Joyce Center to Get Upgrade

The University of Notre Dame announced today that the Joyce Center arena, home to men's and women's basketball along with volleyball, will get a much needed upgrade to the cost of almost $25 million. The Joyce Center was opened back in 1968 and it was getting to the point where a new look was must.

Because of a big donation from Phillip Purcell, the dream can soon become a reality. Purcell, a Notre Dame alum, Trustee and retired chairman and chief executive of Morgan Stanley, is giving a gift of $12.5 million to the university to help them meet the costs. The total bill is $24.7 million and athletic director Kevin White said the university is close to $22 million in total donations. Construction will begin only when the project is fully funded. Purcell's prize: the arena will be named Purcell Pavilion at the Joyce Center.

"The program here should be a model for all universities to emulate," Purcell said on Thursday. "Notre Dame athletes know and understand the value of an education. At a time where many universities graduate 50 percent of their athletes, Notre Dame is over 90 percent. Last year, all of our programs had cumulative grade point averages of 3.0 or better. Now that's a national championship to be proud of."

"What a great day for Notre Dame," executive vice president John Affleck-Graves said. "We have the great honor of announcing in the Joyce Center today that will have a huge impact on our basketball and volleyball programs. The Joyce is more than an athletic facility. It's a place for the Notre Dame community and the Michiana community to gather.

"This facility is a tribute to Father Joyce. After 40 years, it needs a little facelift and that's what we're about."

The new features will make the final look radically different than the old Joyce Center. First, all the chairs will be new, blue backs seats. Gone will be the color cornucopia of the present-day arrangement of seats. Because of this upgrade and the bleacher seats going to chair back seats, the capacity will shrink from 11,418 to approximately 9,800.

"You're always concerned about the loss of seats," White said. "But at the end of the day, we feel we'll be in a position to create a very fun game, basketball, volleyball and in the convocation center."

Another major feature is a stadium club/hospitality area with a square foot area of 16,500. It'll be in the south end of the arena with a seating capacity of nearly 800 fans. Food service and restroom facilities are added luxuries in this area. White likened it to the fifth floor of the Notre Dame Stadium press box and noted that some of the seats will be reserved.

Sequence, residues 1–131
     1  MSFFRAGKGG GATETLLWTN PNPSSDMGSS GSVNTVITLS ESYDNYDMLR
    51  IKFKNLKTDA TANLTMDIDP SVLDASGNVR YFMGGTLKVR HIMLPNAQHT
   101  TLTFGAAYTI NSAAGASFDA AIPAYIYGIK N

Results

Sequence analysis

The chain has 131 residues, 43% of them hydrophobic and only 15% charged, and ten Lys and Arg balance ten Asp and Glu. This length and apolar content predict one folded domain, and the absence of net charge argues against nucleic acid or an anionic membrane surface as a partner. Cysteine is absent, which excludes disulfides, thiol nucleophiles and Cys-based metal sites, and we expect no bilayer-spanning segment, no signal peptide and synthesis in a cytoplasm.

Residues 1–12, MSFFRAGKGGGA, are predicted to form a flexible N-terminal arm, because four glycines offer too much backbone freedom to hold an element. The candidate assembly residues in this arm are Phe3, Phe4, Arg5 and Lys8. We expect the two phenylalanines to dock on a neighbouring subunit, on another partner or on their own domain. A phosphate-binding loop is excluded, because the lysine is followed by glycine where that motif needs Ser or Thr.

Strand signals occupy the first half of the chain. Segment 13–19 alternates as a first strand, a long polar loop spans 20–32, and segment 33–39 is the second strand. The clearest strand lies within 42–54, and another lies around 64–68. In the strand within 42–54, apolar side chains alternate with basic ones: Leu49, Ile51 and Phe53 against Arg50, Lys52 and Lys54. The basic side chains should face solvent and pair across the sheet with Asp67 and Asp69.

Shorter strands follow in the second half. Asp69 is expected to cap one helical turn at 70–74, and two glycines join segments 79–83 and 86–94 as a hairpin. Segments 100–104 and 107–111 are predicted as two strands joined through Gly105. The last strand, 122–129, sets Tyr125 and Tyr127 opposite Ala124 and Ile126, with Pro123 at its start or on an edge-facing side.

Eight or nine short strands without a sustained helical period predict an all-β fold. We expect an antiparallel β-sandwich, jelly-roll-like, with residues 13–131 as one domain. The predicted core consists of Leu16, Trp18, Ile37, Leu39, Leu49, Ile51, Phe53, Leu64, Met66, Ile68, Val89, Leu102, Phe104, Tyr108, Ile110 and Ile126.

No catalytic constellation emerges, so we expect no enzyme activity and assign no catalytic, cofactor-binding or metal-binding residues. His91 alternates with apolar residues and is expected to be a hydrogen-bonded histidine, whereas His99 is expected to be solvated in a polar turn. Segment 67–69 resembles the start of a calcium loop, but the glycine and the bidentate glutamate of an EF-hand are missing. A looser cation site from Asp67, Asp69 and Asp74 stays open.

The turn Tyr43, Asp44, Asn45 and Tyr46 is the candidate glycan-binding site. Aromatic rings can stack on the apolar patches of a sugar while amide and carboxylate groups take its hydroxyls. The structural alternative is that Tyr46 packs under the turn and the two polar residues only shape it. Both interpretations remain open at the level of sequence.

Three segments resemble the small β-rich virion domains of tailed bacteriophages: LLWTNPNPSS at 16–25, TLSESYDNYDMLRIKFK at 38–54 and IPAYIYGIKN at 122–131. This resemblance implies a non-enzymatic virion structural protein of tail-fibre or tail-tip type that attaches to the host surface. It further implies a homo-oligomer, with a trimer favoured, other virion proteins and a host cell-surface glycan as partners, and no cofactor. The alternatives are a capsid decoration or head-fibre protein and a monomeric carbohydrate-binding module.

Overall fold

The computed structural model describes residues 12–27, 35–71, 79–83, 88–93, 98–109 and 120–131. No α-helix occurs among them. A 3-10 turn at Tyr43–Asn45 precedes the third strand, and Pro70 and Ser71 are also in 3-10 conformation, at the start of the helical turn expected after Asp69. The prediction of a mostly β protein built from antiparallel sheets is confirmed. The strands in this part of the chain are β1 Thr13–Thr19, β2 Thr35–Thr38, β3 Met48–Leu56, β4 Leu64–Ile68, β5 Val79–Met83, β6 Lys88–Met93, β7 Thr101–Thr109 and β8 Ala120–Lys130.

Other upgrades inside include new, fixed concession areas and an increased number of women's restrooms and handicapped seating options. The big feature outside will be a new, two story addition on the south end of the current structure. The second floor is the new stadium club. The first floor will offer ticket offices, a varsity shop, a new main entrance and lobby between Gates 8 and 10.

"Purcell Pavilion represents, in my mind, the rich tradition and legacy within the Joyce Center by creating a fan-friendly, state-of-the-art facility," White said. "The beneficiaries will be our student-athletes, our tremendous student body, the Notre Dame family and visitors in general."

There is no firm timeline as of yet. This is because the funding is not yet complete. White's intent is ASAP and as soon as the $24.7 million goal is achieved. Also not complete is the final design of the new facility. At the press conference, Notre Dame had four large easels conceptually depicting what the new arena would generally resemble.

Men's basketball coach Mike Brey had a large smile on his face. He has to be pleased that his home arena will be a more attractive venue for potential recruits and ticket-holding fans. Brey said he has smaller drawings of what the place will look like in his office and the basketball office lobby to entice recruits with when they visit on campus. The new digs can only help in the process.

"They're excited," Brey said of the recruits' response. "When you walk into our basketball office, with what we've done that and the theme of it, big-time commitment comes across. When you're sitting there talking about the arena, you're talking about understanding the league we're in now and we have to go for it." Top Stories